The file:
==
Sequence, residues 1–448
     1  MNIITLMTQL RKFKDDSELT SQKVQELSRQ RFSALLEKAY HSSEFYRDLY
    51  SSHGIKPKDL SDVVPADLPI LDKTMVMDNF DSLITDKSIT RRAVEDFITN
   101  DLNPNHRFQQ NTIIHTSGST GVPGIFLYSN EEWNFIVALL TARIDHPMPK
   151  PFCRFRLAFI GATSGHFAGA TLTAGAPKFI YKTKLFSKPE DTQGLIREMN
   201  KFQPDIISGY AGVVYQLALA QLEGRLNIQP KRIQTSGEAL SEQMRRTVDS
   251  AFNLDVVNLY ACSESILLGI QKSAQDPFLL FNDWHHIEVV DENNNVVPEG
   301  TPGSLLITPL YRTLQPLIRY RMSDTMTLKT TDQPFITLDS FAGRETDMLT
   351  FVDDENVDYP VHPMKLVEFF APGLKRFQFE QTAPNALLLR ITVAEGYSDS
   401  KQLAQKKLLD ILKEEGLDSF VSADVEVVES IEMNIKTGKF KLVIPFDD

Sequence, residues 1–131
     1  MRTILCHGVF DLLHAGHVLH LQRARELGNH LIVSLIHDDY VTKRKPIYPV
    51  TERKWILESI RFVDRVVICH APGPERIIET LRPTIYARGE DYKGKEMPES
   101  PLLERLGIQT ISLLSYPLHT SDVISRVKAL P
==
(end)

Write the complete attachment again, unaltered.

Sequence, residues 1–448
     1  MNIITLMTQL RKFKDDSELT SQKVQELSRQ RFSALLEKAY HSSEFYRDLY
    51  SSHGIKPKDL SDVVPADLPI LDKTMVMDNF DSLITDKSIT RRAVEDFITN
   101  DLNPNHRFQQ NTIIHTSGST GVPGIFLYSN EEWNFIVALL TARIDHPMPK
   151  PFCRFRLAFI GATSGHFAGA TLTAGAPKFI YKTKLFSKPE DTQGLIREMN
   201  KFQPDIISGY AGVVYQLALA QLEGRLNIQP KRIQTSGEAL SEQMRRTVDS
   251  AFNLDVVNLY ACSESILLGI QKSAQDPFLL FNDWHHIEVV DENNNVVPEG
   301  TPGSLLITPL YRTLQPLIRY RMSDTMTLKT TDQPFITLDS FAGRETDMLT
   351  FVDDENVDYP VHPMKLVEFF APGLKRFQFE QTAPNALLLR ITVAEGYSDS
   401  KQLAQKKLLD ILKEEGLDSF VSADVEVVES IEMNIKTGKF KLVIPFDD

Sequence, residues 1–131
     1  MRTILCHGVF DLLHAGHVLH LQRARELGNH LIVSLIHDDY VTKRKPIYPV
    51  TERKWILESI RFVDRVVICH APGPERIIET LRPTIYARGE DYKGKEMPES
   101  PLLERLGIQT ISLLSYPLHT SDVISRVKAL P